Food can be hazardous. Thousands of Americans are hospitalized by food-borne illnesses every year. Others are harmed by food allergens or by impurities in food, such as tiny pieces of metal, glass, or plastic. Some people shop at farmers markets to find safer, more wholesome food. Customers appreciate the small number of production points, local sourcing, responsible growing practices, familiar faces, and fresh food. Yet, terrible things such as these incidents can still occur at farmers markets:
- Food sampling can lead to an outbreak of E. coli.
- A prepared food vendor could be shut down for unsafe practices.
- An animal could contaminate a berry field, leading to hospitalizations and even death. If these berries are sold at farm stands and farmers markets, the source can be difficult to pin down, leading to loss in sales for a national crop.
When talking about food safety incidents, everyone wants to know who is responsible. The answer can be quite simple: whoever caused the problem is responsible for the problem. It can get a little complex to determine who caused the problem, but it’s often quite straightforward. For example, if the farmers market is distributing donuts made by volunteers at the market’s info station as a market attraction, the market is responsible for the safety of the donuts. If a farmer sells spinach contaminated with bacteria that causes an illness, the farmer is responsible for that.How to manage this risk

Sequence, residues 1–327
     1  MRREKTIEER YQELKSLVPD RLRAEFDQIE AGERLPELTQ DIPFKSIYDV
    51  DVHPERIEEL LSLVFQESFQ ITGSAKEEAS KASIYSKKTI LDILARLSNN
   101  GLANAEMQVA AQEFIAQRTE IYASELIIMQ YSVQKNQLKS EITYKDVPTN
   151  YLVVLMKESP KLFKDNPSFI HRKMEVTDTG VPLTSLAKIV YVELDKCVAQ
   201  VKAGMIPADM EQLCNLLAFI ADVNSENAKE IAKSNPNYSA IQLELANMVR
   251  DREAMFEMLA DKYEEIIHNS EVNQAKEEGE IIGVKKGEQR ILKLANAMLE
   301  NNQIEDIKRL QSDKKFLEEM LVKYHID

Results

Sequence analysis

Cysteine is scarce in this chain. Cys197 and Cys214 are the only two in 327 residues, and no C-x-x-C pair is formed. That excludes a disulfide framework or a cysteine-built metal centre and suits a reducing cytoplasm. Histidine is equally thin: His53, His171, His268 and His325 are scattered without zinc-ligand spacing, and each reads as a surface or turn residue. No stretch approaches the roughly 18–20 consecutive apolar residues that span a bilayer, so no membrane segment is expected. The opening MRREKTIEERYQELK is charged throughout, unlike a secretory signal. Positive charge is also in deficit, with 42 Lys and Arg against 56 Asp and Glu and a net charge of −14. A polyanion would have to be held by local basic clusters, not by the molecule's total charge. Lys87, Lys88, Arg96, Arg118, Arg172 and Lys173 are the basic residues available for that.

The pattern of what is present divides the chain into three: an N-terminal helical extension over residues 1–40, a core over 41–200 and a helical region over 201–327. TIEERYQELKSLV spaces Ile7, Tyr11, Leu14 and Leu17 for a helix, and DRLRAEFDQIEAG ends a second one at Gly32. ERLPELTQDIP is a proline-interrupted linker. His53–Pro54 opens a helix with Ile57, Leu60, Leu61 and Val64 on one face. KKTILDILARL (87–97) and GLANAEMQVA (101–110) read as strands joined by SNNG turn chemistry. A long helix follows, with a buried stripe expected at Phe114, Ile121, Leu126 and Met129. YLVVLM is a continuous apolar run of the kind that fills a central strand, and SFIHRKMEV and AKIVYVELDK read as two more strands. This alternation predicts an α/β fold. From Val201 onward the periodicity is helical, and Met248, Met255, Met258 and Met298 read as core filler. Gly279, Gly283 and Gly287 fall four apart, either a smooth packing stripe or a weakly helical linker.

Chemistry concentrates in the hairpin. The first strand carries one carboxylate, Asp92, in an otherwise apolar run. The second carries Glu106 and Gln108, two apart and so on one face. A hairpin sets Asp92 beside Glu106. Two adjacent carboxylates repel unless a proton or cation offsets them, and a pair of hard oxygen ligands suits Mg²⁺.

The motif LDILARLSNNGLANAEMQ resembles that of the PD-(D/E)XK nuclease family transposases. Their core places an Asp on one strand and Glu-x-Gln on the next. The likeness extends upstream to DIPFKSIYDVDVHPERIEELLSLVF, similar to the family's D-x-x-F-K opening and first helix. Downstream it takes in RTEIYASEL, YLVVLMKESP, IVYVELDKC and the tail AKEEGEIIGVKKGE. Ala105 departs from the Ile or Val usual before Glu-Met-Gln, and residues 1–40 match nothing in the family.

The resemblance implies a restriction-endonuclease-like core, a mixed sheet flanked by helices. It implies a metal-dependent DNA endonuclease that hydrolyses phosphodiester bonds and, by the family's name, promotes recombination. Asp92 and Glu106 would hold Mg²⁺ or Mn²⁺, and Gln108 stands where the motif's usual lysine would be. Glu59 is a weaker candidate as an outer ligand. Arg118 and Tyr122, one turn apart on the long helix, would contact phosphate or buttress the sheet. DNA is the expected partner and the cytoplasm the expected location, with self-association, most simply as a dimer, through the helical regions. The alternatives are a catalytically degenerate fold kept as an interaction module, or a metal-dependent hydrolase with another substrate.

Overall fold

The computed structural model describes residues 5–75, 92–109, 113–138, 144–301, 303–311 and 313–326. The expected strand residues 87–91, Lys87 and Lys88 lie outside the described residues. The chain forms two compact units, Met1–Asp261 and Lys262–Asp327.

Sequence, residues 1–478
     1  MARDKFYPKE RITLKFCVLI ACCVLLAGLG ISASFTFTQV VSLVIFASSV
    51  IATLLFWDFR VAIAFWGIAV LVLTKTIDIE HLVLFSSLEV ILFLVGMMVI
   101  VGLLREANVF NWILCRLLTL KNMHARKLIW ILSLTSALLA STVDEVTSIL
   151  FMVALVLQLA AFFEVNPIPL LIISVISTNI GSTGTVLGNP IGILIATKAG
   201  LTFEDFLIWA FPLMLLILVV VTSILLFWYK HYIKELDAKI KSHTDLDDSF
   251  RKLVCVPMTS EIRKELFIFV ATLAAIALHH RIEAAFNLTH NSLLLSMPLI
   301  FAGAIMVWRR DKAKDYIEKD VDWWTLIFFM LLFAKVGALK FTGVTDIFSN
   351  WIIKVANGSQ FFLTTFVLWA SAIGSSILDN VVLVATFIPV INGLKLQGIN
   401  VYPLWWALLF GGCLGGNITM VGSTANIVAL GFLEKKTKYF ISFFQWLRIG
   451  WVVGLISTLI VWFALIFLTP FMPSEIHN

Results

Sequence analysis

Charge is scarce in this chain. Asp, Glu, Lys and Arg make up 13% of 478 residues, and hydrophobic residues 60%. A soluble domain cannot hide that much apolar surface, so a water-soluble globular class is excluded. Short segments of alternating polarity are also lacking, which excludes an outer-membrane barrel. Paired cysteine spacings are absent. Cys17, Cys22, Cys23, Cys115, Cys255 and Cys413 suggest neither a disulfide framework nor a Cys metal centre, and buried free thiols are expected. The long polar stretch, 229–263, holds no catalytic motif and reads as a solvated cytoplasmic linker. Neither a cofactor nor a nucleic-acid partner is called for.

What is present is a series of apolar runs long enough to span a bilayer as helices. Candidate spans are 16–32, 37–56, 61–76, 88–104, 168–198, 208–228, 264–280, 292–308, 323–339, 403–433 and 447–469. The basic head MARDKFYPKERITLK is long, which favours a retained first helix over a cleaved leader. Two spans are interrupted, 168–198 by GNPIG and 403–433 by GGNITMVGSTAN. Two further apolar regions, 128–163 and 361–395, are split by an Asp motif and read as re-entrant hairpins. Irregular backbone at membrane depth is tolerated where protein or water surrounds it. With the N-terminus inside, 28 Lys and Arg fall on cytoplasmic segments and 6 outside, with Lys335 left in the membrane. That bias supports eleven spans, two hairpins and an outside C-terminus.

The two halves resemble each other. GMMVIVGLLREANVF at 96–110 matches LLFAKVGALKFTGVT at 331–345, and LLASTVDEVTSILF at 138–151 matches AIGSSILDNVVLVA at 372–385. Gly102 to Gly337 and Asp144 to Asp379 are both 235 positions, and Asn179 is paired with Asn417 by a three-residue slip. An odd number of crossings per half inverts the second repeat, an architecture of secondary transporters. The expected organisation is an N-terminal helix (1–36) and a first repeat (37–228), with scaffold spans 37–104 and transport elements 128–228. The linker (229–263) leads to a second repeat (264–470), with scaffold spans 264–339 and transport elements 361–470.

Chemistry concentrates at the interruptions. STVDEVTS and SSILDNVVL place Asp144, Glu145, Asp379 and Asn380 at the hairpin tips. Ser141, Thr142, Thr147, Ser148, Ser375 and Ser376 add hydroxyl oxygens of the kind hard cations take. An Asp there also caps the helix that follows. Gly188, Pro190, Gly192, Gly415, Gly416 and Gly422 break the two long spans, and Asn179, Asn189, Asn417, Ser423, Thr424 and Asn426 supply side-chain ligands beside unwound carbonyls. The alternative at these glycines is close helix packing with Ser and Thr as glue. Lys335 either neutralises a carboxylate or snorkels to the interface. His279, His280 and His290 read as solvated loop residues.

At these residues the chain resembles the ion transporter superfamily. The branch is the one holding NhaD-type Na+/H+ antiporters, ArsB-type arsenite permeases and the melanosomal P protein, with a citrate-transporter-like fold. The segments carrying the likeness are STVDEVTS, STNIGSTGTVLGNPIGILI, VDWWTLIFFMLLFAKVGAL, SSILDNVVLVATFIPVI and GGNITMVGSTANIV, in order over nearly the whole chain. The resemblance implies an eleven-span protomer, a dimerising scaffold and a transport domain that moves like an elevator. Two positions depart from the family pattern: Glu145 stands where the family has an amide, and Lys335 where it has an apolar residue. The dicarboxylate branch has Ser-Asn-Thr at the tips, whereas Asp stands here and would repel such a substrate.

As vendors are usually the ones handing the food, they generally bear most of the legal responsibility for food safety. But, even when an injury is caused by a vendor’s actions, the market may still bear some responsibility. For example, the farmers market’s rules can be so lenient that food safety incidents become more likely. Also, a farmers market may not adequately screen vendors for safe food practices before admitting vendors, or sufficiently enforce existing food safety rules. Each of these things can lead to legal liability for the farmers market, even though the vendor’s actions directly caused the problem. Of course, the vendor itself may hold most of the responsibility for the incident, but that doesn’t mean the market doesn’t share in a small part of the liability, legally. Even if the market doesn’t become legally liable, one bad incident can be enough to ruin the market’s reputation with vendors and customers alike.
A few practices in particular can create more risk for a farmers market:
Sampling is an important feature of many farmers markets, to get customers to try new products, but can create additional risks. Some counties and cities prohibit the practice; check with local or state health departments about sampling regulations. For a safe sampling checklist (provided by the Michigan Department of Agriculture and Rural Development), click here.
Preparing or processing foods off site